Wingels is a member of the Advisory Board for You Can Play, a campaign dedicated to fighting homophobia in sports. [13] He has also appeared in a video supporting the campaign. [14] He was a close friend of Brendan Burke, whose death was the catalyst for the formation of the organization. Wingels was the Sharks' nominee for the Bill Masterton Memorial Trophy in 2012, primarily for his work with You Can Play. He marched in the Chicago Pride Parade with the Chicago Gay Hockey Association on June 24, 2012. [15] [16]

On May 2, 2013, Wingels' work with You Can Play led him to be nominated for the NHL's King Clancy Memorial Trophy, an award given to player who best exemplifies leadership qualities on and off the ice and who has made a significant humanitarian contribution to his community. [17]

Career statistics

Regular season and playoffs

Regular season Playoffs
Season TeamLeagueGP G A Pts PIM GPGAPtsPIM
2004–05Team Illinois 18U AAA MWEHL 15751215
2005–06Team Illinois 18U AAAT1EHL221552036
2006–07 Cedar Rapids RoughRiders USHL 471018285263036
2007–08 Miami RedHawks CCHA 4215142922
2008–09 Miami RedHawksCCHA4111172866
2009–10 Miami RedHawksCCHA4417254249
2010–11 San Jose Sharks NHL 50000
2010–11 Worcester Sharks AHL 6917133069
2011–12 San Jose SharksNHL333691850117
2011–12 Worcester SharksAHL291382128
2012–13 KooKoo Mestis 188142233
2012–13 San Jose SharksNHL42581326110226
2013–14 San Jose SharksNHL771622383570334
2014–15 San Jose SharksNHL7515213640
2015–16 San Jose SharksNHL6871118632220221
2016–17 San Jose SharksNHL3753815
2016–17 Ottawa Senators NHL362241290004
2017–18 Chicago Blackhawks NHL57751243
2017–18 Boston Bruins NHL18235240000
2018–19 Genève-Servette HC NL 19117181022130
2019–20 Genève-Servette HCNL4316233941
NHL totals44862811432545826842
NL totals622730575122130

International

YearTeamEventResultGPGAPtsPIM
2014 United States WC 6th70006
Senior totals70006

Awards and honors

AwardYear
College
NCAA All-Tournament Team 2009 [18]
All-CCHA Second Team 2009–10
NHL
Clarence S. Campbell Bowl 2016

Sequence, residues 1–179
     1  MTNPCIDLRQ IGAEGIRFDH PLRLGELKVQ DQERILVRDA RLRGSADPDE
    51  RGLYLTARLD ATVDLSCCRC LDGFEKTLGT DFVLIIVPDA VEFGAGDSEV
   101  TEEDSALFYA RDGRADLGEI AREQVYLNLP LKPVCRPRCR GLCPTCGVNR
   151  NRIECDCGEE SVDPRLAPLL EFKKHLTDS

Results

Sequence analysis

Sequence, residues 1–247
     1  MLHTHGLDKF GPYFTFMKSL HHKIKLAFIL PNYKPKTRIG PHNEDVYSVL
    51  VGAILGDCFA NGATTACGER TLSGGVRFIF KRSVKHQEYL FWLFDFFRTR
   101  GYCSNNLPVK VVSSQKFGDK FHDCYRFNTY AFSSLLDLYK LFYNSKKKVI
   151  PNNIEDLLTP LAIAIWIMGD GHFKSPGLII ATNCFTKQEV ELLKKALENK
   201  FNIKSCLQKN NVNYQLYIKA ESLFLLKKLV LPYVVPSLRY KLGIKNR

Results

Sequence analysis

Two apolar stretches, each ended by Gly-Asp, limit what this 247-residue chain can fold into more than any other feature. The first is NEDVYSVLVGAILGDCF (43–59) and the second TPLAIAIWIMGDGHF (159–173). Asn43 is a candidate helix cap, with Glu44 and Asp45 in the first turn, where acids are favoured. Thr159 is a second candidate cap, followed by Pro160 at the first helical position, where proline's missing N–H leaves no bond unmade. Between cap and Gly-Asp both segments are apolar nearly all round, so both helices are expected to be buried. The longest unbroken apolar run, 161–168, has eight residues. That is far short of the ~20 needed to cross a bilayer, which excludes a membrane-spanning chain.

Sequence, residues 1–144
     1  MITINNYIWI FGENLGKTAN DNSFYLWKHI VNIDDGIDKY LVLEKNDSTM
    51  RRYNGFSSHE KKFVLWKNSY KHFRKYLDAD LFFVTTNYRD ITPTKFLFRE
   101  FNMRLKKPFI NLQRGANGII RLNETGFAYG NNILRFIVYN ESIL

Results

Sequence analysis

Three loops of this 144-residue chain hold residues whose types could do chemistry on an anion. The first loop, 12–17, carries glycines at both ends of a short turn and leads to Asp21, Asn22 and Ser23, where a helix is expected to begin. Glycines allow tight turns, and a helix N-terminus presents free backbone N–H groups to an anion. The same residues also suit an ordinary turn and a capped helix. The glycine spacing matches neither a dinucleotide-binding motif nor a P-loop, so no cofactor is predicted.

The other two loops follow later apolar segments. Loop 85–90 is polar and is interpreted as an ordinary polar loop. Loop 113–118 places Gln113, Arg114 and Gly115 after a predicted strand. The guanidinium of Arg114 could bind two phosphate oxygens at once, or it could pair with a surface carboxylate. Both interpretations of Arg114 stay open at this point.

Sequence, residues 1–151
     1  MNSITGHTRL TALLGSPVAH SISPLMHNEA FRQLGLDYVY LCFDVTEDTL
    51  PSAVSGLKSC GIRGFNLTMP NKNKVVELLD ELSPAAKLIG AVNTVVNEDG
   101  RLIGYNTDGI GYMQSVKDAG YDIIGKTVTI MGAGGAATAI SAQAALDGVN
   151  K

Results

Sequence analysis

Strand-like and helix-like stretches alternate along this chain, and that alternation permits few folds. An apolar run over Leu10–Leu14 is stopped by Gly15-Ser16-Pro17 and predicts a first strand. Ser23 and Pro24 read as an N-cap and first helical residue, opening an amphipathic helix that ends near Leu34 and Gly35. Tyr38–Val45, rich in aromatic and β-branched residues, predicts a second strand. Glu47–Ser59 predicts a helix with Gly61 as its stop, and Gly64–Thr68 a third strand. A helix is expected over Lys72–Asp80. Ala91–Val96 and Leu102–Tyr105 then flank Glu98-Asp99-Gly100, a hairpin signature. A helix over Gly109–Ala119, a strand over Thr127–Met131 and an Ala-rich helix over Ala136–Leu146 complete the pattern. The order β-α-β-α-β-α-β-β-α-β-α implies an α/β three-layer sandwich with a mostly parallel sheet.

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References

  1. "Pee-Wee players who have reached NHL or WHA" (PDF). Quebec International Pee-Wee Hockey Tournament. 2018. Retrieved February 15, 2019.
  2. "Sharks vs. Blackhawks – 01/15/2012 – San Jose Sharks". sharks.nhl.com. January 15, 2012. Retrieved April 23, 2012.
  3. "Blackhawks sign Berube, Oesterle and Wingels". CBS Chicago. July 1, 2017. Retrieved July 1, 2017.
  4. "Bruins Acquire Tommy Wingels From Blackhawks". NHL.com. February 26, 2018. Retrieved February 26, 2018.
  5. "Le GSHC tient ses deux attaquants étrangers". www.gshc.ch (in French). August 15, 2018. Retrieved August 22, 2018.
  6. "Tommy Wingels out for at least four weeks". www.swisshockeynews.ch. September 21, 2018. Retrieved September 30, 2018.
  7. "Tommy Wingels devrait quitter Genève". planetehockey.com. June 5, 2020. Retrieved June 5, 2020.
  8. "Omark débarque, Wingels prend sa retraite". gshc.ch. June 11, 2020. Retrieved June 11, 2020.
  9. "GSHC's Tommy Wingels hangs up his skates". swisshockeynews.ch. June 11, 2020. Retrieved June 11, 2020.
  10. High, Alison (July 20, 2011). "Development Camp Update: Tommy Wingels" . Retrieved January 15, 2015.
  11. Rutherford, Jeremy (May 17, 2016). "Sharks forward finds St. Louis to be ideal foe". St. Louis Post-Dispatch. Retrieved October 2, 2018.
  12. "Tommy Wingels and his daughter have the most adorable pre-game ritual in the NHL". bardown.com. October 15, 2017. Retrieved October 2, 2018.
  13. "Staff and Board". You Can Play Project. Retrieved June 22, 2012.
  14. "Tommy Wingels, San Jose Sharks". You Can Play Project. Retrieved June 22, 2012.
  15. Kurz, Kevin. "Wingels to march in Chicago Pride Parade". CSN Bay Area. Retrieved June 22, 2012.
  16. Jim Buzinski (March 11, 2013). "NHL's Tommy Wingels: An Out Player Is Coming Soon". Outsports.
  17. "Wingels Nominated for King Clancy Memorial Trophy". sharks.nhl.com. May 2, 2013. Retrieved May 31, 2013.
  18. "NCAA Frozen Four Records" (PDF). NCAA. Retrieved June 19, 2013.
Awards and achievements
Preceded by
Tim Miller
CCHA Best Defensive Forward
2009–10
Succeeded by
Carl Hagelin